“Never, and I say never, was there ever any intention that this was the end of the negotiations between us and LVE,” Stressman said in a phone interview this afternoon. “I’m reading their statement in response to our vote and thinking, ‘Wow, they are in a rush to do something different.’”
Stressman said the PRCA vote was merely a decision to turn down the current set of financial figures and continue negotiations, not only with Las Vegas, but with other prospective suitors hoping to land the “Super Bowl of Rodeo.”
“Are we talking to the group in Florida? Heck yes, we are. But this does not mean we have a done deal,” Stressman said. “As I’ve said, we are, in fact, as a board of directors, looking at all viable options. (Osceola County) might not be the only option on the table.”
When asked if the PRCA had entered into a similar memorandum of understanding with any other city or county, Stressman said only, “We have had more than one interested party, as far as serious inquiries, about hosting the WNFR.”
And it is possible that some entity other than Osceola County and its fancy new stadium could work a deal to host the WNFR? Even Las Vegas could, conceivably, work its way back into the talks?
“Yes, sir. That is possible,” Stressman said. “That is correct.”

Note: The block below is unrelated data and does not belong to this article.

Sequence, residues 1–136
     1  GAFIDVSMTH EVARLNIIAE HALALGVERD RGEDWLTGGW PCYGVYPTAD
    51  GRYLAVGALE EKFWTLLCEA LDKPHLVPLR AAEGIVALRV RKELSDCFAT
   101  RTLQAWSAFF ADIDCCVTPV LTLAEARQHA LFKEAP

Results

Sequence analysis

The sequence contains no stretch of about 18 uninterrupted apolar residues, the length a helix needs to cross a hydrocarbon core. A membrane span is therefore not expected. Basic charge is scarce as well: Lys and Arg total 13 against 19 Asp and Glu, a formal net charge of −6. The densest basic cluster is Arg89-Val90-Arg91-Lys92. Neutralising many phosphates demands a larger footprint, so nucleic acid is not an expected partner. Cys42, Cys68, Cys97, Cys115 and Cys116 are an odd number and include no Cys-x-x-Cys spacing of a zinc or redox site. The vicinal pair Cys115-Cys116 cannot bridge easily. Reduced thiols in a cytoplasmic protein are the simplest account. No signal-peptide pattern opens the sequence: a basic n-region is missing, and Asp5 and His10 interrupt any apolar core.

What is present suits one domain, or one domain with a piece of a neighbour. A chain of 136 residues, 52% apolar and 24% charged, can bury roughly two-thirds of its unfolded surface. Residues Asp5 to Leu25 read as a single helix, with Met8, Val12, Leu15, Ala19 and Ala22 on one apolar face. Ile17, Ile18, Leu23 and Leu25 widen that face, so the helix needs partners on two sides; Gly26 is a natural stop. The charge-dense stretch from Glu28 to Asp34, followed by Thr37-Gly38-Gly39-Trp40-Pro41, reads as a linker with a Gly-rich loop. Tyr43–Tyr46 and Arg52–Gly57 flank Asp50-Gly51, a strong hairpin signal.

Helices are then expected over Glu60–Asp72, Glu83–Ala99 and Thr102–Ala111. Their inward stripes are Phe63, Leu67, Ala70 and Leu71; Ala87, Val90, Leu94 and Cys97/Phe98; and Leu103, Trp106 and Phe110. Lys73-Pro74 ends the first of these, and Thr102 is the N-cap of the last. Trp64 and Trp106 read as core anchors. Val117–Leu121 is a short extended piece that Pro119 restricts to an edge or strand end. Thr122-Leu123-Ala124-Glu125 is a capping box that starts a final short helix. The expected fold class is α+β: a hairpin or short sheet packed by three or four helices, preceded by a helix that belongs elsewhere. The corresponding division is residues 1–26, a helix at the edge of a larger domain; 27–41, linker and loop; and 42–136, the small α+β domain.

Nonetheless, Christenson is looking past 2014 and this super-sized, invitation-only rodeo.
“We didn’t deal this hand,” he said. “We’re playing it. We are ready and have an alternative plan, and we will succeed with it.”
Faced with the prospect of Las Vegas staging a WNFR-scope event to compete with his organization’s own crowning rodeo, Stressman said, “I don’t blame them for pursuing that. Rodeo is a great sport, and competition is competition, but we don’t want that to happen. I don’t think it’s necessary for us to have two rodeos.”
Stressman said that there will be a point when everyone involved in the WNFR has recovered from working 17 consecutive days and “is thinking clearly” to contact reps from LVE and figure out just what the heck happened here.
It's official- the Las Vegas Review Journal is reporting that after 29 years of holding the finals in Las Vegas, the NFR is picking up stakes and heading to Florida beginning in 2015.
The vote was 6-3 in favor of returning home to Oklahoma. It was 29 years ago that Benny Binion and Las Vegas Events president (and PR man par excellence) Herb MacDonald lured the NFR to Las Vegas. Since then, every December, the NFR has sold out not just the rodeos but done boffo business for the hotels and restaurants.
“Osceola County exceeded LVE’s offer by more than $4 million. We are disappointed that the PRCA has chosen to pursue a completely speculative offer versus Las Vegas’ proven 29-year track record,” Las Vegas Events said in a statement Sunday evening.
The Florida county, near Orlando, will provide $16 million in annual purses and administrative costs and build a 24,000 seat arena. It's a 20 year deal with both parties having the right to end the deal after ten years.
The Florida county and the Professional Rodeo Cowboy's Association have 90 days to close the deal.
This is a big blow for the rebounding Bright Light City. The NFR brought in $90 million a year in non-gambling money.